A human shape covered with a white sheet. Two black eye holes. This is the most iconic representation of a ghost we’ve been able to muster. Its endurance likely owes everything to its simplicity, but the ubiquity of it also robs it of power, rendering this symbol for mournful life after death childish, cute, free of the darkness inherent to its meaning.
How David Lowery got the guts to reclaim this iconography’s melancholy I’ll never know. But I’m so glad he did. Perhaps it was more confidence than bravery, as A Ghost Story dares accidental silliness as if there were no doubt in the world it would work. I’m not sure I’ll ever look at a ghost Halloween costume or emoji the same way again. That's quite a feat.
You probably already know the premise, which is fine since A Ghost Story is more about tonal experience than narrative. A husband and wife live together in a house she wants to leave but he clings to for reasons he can’t quite verbalize. Suddenly, as often happens, he dies. His ghost haunts the house he enjoyed so much in life. He watches his wife mourn, he watches her heal, and he watches her move on. Yet he stays with the house through its new occupants and forms, and time makes clear the cold impermanence of all things, regardless of how much they mean to us. The man is tied to the home, but the home is not tied to him.
The film is not kind to those who get hung up on literalism. It follows its own logic to serve its own needs. The ghost can touch things, but frequently does not. The ghost can communicate but rarely does. He just watches, and certain things catch his attention. I was reminded somewhat of Twin Peaks’ Dougie Jones, a person who can witness our world and be moved by it but not fully take part.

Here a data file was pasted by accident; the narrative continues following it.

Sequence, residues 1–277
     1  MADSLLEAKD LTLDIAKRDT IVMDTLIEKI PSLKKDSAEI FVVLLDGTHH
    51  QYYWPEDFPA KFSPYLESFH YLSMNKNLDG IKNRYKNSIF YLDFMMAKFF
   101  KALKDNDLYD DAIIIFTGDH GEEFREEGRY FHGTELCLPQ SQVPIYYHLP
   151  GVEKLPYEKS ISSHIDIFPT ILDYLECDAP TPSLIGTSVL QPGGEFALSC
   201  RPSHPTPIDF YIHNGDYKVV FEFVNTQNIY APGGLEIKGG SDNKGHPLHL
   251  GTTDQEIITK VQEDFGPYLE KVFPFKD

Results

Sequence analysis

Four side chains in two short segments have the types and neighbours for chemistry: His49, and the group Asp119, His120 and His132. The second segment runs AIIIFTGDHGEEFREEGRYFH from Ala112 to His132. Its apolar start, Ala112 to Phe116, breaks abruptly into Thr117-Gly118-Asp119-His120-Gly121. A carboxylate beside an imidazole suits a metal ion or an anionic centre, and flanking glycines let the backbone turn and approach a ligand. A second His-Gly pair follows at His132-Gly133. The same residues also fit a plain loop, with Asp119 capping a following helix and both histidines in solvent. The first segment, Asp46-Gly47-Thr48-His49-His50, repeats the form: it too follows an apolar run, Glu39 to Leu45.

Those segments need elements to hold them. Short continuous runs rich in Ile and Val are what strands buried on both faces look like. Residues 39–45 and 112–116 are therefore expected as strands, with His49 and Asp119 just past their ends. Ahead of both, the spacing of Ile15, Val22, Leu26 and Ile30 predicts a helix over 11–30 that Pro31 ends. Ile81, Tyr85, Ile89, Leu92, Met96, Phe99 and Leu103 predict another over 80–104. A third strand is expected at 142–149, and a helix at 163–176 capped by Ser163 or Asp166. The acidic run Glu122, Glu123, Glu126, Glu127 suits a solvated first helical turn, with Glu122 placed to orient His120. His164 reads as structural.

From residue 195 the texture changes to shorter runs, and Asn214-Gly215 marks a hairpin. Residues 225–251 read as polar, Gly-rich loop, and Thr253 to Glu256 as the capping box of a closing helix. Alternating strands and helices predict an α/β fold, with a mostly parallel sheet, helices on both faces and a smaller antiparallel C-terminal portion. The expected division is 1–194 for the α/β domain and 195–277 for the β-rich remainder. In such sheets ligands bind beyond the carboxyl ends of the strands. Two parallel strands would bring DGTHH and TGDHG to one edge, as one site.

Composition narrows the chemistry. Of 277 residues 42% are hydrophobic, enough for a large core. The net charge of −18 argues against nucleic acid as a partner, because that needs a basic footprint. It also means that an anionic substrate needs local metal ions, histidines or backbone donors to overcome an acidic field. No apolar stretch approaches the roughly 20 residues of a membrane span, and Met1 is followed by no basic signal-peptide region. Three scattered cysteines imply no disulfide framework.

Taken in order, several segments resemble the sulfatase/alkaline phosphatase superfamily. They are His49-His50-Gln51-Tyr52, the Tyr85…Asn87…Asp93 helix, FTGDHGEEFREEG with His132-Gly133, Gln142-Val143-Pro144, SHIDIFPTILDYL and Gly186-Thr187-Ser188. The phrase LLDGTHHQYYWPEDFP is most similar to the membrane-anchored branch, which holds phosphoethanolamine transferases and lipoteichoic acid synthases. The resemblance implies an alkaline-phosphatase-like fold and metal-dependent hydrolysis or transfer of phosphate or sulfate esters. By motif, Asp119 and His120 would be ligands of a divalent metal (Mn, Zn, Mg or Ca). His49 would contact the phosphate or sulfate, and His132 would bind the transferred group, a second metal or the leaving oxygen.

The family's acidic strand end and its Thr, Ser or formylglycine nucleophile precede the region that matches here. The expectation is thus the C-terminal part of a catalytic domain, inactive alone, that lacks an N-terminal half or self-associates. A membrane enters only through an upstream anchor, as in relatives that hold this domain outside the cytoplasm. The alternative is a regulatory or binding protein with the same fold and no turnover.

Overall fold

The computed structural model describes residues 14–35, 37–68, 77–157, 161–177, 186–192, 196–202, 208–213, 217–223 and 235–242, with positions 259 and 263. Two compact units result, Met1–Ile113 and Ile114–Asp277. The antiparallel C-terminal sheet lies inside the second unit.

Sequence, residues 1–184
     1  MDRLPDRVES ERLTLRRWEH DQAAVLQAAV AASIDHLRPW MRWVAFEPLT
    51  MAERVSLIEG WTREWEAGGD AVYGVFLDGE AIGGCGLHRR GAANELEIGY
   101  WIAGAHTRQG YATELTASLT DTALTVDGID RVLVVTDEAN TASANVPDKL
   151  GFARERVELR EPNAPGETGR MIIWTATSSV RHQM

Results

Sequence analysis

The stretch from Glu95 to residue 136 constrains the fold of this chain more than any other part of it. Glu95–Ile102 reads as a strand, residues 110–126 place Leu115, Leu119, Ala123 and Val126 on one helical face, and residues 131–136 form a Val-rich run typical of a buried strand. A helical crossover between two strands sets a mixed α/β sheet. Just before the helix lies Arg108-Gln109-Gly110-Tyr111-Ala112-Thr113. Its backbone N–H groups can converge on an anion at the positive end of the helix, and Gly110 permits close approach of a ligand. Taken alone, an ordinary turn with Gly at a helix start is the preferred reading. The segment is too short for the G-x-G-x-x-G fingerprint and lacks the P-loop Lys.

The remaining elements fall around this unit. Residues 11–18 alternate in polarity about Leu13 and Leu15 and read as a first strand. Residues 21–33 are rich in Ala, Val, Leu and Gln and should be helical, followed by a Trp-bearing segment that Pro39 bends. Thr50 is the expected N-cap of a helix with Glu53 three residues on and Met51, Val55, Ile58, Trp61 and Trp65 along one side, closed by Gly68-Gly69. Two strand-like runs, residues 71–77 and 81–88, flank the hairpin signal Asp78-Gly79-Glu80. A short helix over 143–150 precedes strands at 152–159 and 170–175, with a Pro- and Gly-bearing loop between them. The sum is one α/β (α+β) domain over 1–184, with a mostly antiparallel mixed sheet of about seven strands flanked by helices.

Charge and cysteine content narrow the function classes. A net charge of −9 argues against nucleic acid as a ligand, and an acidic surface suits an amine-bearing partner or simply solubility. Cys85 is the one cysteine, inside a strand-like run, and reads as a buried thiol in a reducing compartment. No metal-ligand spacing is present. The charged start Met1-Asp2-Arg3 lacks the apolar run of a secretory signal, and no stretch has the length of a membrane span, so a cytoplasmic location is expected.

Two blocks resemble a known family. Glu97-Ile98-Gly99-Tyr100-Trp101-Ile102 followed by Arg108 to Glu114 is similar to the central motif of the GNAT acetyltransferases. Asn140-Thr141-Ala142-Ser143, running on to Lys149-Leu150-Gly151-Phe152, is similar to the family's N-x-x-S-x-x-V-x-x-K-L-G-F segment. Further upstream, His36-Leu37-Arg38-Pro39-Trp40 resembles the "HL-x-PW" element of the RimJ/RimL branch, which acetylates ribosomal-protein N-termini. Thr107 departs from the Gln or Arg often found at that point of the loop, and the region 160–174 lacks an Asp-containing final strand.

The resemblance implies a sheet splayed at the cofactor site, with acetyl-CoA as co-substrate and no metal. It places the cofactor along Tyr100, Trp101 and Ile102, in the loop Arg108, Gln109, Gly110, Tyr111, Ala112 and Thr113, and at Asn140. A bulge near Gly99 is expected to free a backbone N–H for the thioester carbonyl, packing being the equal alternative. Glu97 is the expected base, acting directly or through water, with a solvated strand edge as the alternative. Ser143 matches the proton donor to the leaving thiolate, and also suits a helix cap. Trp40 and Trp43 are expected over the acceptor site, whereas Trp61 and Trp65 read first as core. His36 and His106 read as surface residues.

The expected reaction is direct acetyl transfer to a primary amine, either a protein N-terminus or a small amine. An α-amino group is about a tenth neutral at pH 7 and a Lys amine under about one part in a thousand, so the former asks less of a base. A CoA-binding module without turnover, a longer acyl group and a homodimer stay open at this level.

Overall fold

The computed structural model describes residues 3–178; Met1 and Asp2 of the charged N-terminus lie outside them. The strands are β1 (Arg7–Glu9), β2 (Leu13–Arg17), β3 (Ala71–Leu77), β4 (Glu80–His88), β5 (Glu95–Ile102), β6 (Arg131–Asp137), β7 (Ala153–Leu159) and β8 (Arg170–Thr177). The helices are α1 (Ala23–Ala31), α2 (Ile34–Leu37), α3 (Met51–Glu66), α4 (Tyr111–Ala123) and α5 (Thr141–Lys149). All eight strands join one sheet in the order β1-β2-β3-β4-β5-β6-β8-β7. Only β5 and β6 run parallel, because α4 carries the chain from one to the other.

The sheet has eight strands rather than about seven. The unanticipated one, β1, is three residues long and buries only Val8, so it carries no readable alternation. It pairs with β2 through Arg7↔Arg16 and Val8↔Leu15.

Time drifts by without much explanation in A Ghost Story. I choose to believe the film presents us with what the Ghost experiences in real-time, simply because the alternative is too terrible for me to contemplate. But it doesn’t really matter. While light on traditional narrative, there is a fulfilling arc for the Ghost and its journey, and if you didn’t start hating the film as soon as it began, it’ll likely leave you shaken.
And some will hate the film. Lowery’s boldness here should not go underestimated. The film is presented in a square aspect ratio with the corners rounded like an old photographic slide. It is far more comfortable with silence than we’re used to. It is at ease with totally surrendering traditional form for function. It’s a true experiment and won’t be for everyone.
Those who fall for it, however, will fall hard. A Ghost Story is beautiful, but with that beauty comes an almost punishing level of sadness. I’m so thankful for it and thankful I got to see it. Nevertheless, the film engaged emotions and memories I go far out of my way to avoid, and the experience ruined me for hours afterward. While I highly recommend the film (it might end up being my favorite of the year), I don’t think such a warning is unwarranted.
Ultimately the film’s themes are optimistic - there is a long monologue halfway through from (of all people) Will Oldham about impermanence negating the importance of all we do; in a film this quiet, a big chunk of dialog like that carries extra weight, but I believe the rest of the film argues against this guy’s point and serves as a reminder to appreciate what you have for the short time you have it. And also to let it go when it’s gone. If you can.